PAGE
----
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The problem with link posts

Iain Broome
Iain Broome
1 min read

Redesigning your website provides an opportunity to take stock and think about what you’re doing. You get to look at what works well and what doesn’t, and assess whether your approach is still appropriate.
As you know, I’ve just done all that. And after some highly scientific bonce-bending (thinking), I’ve decided to stop publishing link posts.

Now don’t get me wrong, I like link posts. I think that they’re a smashing way to make people aware of other great articles and writers on the web. By linking to and quoting someone else before adding my own commentary, I believed that for the most part, I was adding to a wider conversation. But alas, not always.

The flip side of link posts is that they can quickly become an easy way to publish regularly, but with little thought. If you don’t have time to consider a subject properly, you can simply post a link to someone else’s work, add a quick sentence or a couple of words of your own, and feel like you’ve gotten away with it.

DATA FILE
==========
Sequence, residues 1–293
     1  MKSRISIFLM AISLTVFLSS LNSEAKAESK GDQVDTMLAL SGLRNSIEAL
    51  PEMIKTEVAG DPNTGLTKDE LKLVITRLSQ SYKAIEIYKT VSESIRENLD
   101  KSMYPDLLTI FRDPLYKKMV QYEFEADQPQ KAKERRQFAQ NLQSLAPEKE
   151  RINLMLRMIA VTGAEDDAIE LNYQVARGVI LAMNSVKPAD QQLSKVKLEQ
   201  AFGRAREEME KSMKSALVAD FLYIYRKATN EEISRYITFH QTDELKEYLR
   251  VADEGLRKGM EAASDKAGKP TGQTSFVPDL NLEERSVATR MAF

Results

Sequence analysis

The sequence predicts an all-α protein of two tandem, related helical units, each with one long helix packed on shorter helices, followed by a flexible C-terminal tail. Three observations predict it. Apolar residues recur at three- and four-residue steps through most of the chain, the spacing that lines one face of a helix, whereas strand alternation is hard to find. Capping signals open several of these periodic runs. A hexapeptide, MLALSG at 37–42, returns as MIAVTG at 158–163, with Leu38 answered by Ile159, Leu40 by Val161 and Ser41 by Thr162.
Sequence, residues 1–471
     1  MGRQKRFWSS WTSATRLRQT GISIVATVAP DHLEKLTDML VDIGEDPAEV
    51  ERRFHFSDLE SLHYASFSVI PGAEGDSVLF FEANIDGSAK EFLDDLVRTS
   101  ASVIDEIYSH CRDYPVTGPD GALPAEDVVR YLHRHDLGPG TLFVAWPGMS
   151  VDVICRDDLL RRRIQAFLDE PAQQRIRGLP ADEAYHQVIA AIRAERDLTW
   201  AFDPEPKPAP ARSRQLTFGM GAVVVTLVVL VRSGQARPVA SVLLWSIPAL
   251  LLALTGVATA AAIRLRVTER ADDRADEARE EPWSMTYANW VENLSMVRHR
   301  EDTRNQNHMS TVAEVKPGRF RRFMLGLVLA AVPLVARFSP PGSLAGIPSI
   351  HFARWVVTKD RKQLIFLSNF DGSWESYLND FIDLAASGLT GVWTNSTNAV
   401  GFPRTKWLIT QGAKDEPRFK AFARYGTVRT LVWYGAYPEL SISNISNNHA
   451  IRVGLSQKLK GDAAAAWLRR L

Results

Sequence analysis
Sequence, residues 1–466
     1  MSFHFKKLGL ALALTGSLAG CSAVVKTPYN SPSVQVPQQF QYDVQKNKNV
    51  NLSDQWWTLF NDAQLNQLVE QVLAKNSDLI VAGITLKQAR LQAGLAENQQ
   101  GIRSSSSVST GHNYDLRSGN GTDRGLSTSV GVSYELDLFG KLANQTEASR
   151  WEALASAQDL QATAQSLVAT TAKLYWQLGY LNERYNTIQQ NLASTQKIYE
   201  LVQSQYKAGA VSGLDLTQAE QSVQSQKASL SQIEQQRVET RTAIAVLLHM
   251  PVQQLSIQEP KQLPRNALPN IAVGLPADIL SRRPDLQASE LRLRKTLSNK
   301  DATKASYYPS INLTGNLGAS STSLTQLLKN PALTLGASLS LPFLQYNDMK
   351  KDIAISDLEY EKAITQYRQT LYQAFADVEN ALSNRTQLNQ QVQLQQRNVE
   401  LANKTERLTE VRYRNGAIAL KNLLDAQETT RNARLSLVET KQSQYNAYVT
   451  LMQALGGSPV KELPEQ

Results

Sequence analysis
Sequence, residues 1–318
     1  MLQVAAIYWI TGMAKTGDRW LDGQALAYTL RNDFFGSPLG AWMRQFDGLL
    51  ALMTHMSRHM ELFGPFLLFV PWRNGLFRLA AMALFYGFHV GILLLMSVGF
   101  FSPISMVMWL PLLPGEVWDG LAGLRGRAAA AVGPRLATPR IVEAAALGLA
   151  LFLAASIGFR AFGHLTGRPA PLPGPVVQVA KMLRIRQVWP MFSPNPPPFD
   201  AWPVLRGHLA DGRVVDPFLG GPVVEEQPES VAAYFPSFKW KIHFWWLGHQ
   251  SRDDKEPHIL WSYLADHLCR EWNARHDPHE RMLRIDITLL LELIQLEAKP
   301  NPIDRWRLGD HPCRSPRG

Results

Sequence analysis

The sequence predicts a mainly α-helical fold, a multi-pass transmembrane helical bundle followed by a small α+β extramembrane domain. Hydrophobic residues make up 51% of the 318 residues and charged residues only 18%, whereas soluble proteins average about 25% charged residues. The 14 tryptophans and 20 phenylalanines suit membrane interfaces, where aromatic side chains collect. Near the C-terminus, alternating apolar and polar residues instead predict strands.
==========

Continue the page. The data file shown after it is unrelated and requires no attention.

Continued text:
But I’m not comfortable with that. It feels like a waste of everyone’s time. If I’ve got something to say, I should take the time to say it properly. And if that time isn’t available, I should wait until it is. So that’s what I’m going to do.

No more link posts, only proper articles. Some may be long, some may be short. But they’ll all have substance and that’s what matters.

There’s nothing wrong with short posts that function primarily to send your readers to information or opinions elsewhere. However, if that becomes the bulk of what you do with your website, I think that something may be wrong.

Because while responding to or commenting on other people’s work is great, it’s always better to be the first with something to say.

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I'm the author of the novel, A is for Angelica. Every week, I send Draft Mode, a newsletter full of tips and tools that help you improve your craft and promote your writing.

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